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The Iron Butterfly: Remembering Lisa Cosenza

She had a heart of gold and was a rabid Bengals fan who is greatly missed. We remember her on her birthday—the first we are celebrating without her here.

She would have been 52 years old today.

In my eight years with SB Nation and Cincy Jungle, this is, in many ways, the most emotionally-charged and important piece I’ve ever written. Many of my posts are of the opinion and analysis ilk—some of you enjoy them, others wholeheartedly disagree with my Bengals standpoints, while some of you gloss over the posts completely. It’s all good.

Regardless, I take both time and pride in my posts and sometimes you can see the emotional nature behind them. This particular post has such emotion, but on a completely different scale.

Daughter, sister, aunt, niece, cousin and great friend, Lisa Cosenza, was cruelly taken away on October 12th, 2017 in a violent and shocking manner by someone she was helping to rehabilitate in her own home. It’s almost unfathomable that we’ve just reached the half-year mark since she’s been gone.

Still, rather than dwell on the negatives with her passing and the devils in the details (and there are many), I’d like to take a few minutes to reminisce about her and some facets of her life that our family would like to share with the CJ community. Indulge me, if you will, please.

You may be wondering why I’m writing this in general, but some may also be asking why it’s taken this long to put something out there about her. The aforementioned date milestones aside, our family teeters more on the private side, and it’s just generally difficult to talk about her no longer being with us.

Because of this desire for our privacy, I’ve gone back and forth about writing something about my sister in a public forum such as this. I still have my reservations, but something has stuck with me in my desire to put this post together to share with you all.

Since I started with CJ back in the spring of 2011, my sister followed the material I put forth on this site. She wasn’t an everyday reader mind you, but she did browse my articles and listened to both podcast episodes and radio stations I’ve been on in my time here.

And, she often told me how proud she was of me and how talented I was at these endeavors. I brushed it off with sincere modesty (and still do), as I couldn’t believe she was proud of my little niche in the sports world.

She was proud of me. This is why I’ve decided to share some memories with you about a big Bengals fan you’ve never met and, unfortunately, will never get to meet.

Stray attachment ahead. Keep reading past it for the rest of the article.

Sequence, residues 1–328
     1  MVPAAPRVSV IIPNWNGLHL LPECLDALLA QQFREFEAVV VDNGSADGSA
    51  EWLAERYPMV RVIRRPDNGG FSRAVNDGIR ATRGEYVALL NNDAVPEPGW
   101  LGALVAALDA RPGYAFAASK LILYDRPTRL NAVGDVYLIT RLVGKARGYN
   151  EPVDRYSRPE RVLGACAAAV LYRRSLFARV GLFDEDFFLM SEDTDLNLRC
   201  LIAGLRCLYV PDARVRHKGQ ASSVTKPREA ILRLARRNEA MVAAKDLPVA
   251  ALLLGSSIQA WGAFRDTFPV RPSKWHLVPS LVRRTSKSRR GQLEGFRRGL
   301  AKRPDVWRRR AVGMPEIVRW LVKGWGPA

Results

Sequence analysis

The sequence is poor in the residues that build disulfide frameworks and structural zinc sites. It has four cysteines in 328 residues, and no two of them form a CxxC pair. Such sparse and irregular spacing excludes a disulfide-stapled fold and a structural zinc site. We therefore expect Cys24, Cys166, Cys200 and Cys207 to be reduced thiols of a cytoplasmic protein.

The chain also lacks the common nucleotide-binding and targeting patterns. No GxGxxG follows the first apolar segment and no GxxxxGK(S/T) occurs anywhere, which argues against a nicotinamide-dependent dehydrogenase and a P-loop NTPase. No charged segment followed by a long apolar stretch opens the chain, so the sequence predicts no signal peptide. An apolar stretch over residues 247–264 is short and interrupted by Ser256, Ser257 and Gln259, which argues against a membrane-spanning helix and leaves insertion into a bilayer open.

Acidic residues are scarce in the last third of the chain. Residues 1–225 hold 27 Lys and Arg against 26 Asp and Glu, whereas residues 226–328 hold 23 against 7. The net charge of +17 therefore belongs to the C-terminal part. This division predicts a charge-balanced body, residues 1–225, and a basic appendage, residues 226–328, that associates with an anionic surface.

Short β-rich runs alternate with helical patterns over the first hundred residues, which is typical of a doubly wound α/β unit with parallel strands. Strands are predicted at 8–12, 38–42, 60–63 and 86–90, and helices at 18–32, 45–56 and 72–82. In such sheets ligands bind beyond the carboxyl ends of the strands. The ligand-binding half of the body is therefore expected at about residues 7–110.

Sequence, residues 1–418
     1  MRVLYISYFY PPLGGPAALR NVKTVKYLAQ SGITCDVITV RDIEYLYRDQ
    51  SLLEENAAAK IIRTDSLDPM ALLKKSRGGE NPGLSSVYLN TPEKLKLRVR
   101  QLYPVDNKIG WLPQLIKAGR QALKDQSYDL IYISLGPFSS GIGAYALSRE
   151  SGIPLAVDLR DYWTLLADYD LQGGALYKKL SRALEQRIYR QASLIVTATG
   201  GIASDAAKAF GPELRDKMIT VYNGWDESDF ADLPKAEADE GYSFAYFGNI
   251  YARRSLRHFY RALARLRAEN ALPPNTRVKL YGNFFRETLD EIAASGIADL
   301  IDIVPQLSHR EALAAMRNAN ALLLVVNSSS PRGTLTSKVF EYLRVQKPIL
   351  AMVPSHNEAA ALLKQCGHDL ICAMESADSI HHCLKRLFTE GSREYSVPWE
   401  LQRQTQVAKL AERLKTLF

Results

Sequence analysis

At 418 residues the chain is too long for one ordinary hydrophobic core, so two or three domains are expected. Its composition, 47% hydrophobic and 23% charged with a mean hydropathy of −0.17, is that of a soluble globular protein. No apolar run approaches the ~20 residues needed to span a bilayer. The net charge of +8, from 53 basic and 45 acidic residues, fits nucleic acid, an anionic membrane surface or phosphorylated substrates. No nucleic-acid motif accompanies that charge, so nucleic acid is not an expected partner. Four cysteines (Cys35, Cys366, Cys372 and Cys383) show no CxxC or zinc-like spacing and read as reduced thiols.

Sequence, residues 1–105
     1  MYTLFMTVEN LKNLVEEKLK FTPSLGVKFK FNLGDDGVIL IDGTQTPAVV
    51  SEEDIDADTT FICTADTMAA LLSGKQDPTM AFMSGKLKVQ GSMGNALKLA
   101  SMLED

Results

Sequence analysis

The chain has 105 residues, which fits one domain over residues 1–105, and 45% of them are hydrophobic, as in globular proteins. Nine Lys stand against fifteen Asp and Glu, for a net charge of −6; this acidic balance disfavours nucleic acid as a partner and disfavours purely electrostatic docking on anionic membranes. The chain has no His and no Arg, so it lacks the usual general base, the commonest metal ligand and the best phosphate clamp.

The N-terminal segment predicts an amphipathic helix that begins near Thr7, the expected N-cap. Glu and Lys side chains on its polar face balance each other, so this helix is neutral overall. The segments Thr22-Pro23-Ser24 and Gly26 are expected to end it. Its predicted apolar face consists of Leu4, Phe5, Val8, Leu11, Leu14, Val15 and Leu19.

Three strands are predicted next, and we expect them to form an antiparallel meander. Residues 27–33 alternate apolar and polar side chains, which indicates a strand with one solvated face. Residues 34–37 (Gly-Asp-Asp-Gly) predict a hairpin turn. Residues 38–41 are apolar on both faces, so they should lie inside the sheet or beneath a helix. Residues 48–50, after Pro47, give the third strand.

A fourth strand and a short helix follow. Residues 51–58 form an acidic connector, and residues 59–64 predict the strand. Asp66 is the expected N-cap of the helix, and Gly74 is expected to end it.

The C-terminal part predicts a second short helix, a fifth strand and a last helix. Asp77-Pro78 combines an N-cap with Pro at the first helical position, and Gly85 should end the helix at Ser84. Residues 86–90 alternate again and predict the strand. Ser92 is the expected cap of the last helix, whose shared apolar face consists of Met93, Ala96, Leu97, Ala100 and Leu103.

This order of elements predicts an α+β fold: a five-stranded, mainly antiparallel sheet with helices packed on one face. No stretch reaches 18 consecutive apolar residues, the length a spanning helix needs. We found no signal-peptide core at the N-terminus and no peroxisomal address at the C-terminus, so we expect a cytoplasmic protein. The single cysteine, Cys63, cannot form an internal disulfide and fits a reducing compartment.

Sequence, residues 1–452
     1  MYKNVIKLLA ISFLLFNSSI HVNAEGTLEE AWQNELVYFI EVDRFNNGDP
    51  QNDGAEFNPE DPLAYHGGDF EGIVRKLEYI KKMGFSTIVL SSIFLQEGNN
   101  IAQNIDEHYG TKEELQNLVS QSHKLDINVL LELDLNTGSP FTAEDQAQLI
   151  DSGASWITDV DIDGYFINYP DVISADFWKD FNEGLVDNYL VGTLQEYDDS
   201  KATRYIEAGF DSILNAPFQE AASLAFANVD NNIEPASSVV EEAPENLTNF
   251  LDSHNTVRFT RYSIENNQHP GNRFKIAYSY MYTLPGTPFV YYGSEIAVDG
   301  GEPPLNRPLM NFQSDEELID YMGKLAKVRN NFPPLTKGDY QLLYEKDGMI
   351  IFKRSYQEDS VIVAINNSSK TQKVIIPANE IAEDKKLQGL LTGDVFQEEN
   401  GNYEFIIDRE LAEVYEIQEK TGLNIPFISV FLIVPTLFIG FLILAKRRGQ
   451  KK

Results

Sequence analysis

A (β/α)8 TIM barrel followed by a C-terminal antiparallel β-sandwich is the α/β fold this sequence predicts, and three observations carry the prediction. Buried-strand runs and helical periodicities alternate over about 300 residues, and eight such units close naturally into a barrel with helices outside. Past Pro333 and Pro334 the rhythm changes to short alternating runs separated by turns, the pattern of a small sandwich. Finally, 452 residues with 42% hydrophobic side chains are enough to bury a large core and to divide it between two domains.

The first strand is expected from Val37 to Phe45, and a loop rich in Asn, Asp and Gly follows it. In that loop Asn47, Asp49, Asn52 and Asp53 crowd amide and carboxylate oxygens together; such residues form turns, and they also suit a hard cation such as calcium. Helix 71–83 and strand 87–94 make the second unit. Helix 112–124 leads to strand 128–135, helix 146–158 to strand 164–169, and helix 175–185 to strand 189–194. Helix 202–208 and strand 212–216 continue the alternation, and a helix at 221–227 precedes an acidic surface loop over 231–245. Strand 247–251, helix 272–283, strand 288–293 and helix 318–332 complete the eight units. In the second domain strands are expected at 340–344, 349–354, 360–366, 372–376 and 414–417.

Aside from the above-mentioned reservations, our family just doesn’t fully know how to address the situation and we probably will never be totally comfortable doing so. What I can say is that, aside from the immense love from family and friends, the support from fellow CJ staff and many readers/listeners of my material during these past handful of months has been amazing. I’ll never be able to put into words what your support has meant, even though the vast majority of us have never even met in-person.

So many of you have donated to a cause we’ve set up and sent well wishes. That, and the fact that CJ has allowed me to even take time to write something about my sister on their prominent space brings tears to my eyes.

The older sister:

Some of you see the “Iron Butterfly” moniker in the title and wonder if it’s actually a compliment. If you knew Lisa, I think she’d take it as such.

You see, there were a couple of sides to my older sister’s personality.

There was the tough girl exterior that sometimes bordered on “tomboy-ish”. The one who loved the beach, fishing, skiing, concerts and professional racing. The same girl who cracked a rib in the mosh pit at a Social Distortion concert at the Whiskey a Go Go on Sunset Boulevard years ago.

Then there was the classy woman who was a sales manager at a prominent national newspaper for almost 20 years, wore dresses, entertained clients and owned her own beautiful home as a single, successful professional. The very same Lisa who was a great listener, had a heart of gold and would lay down in traffic for her family, if we had asked her to do so.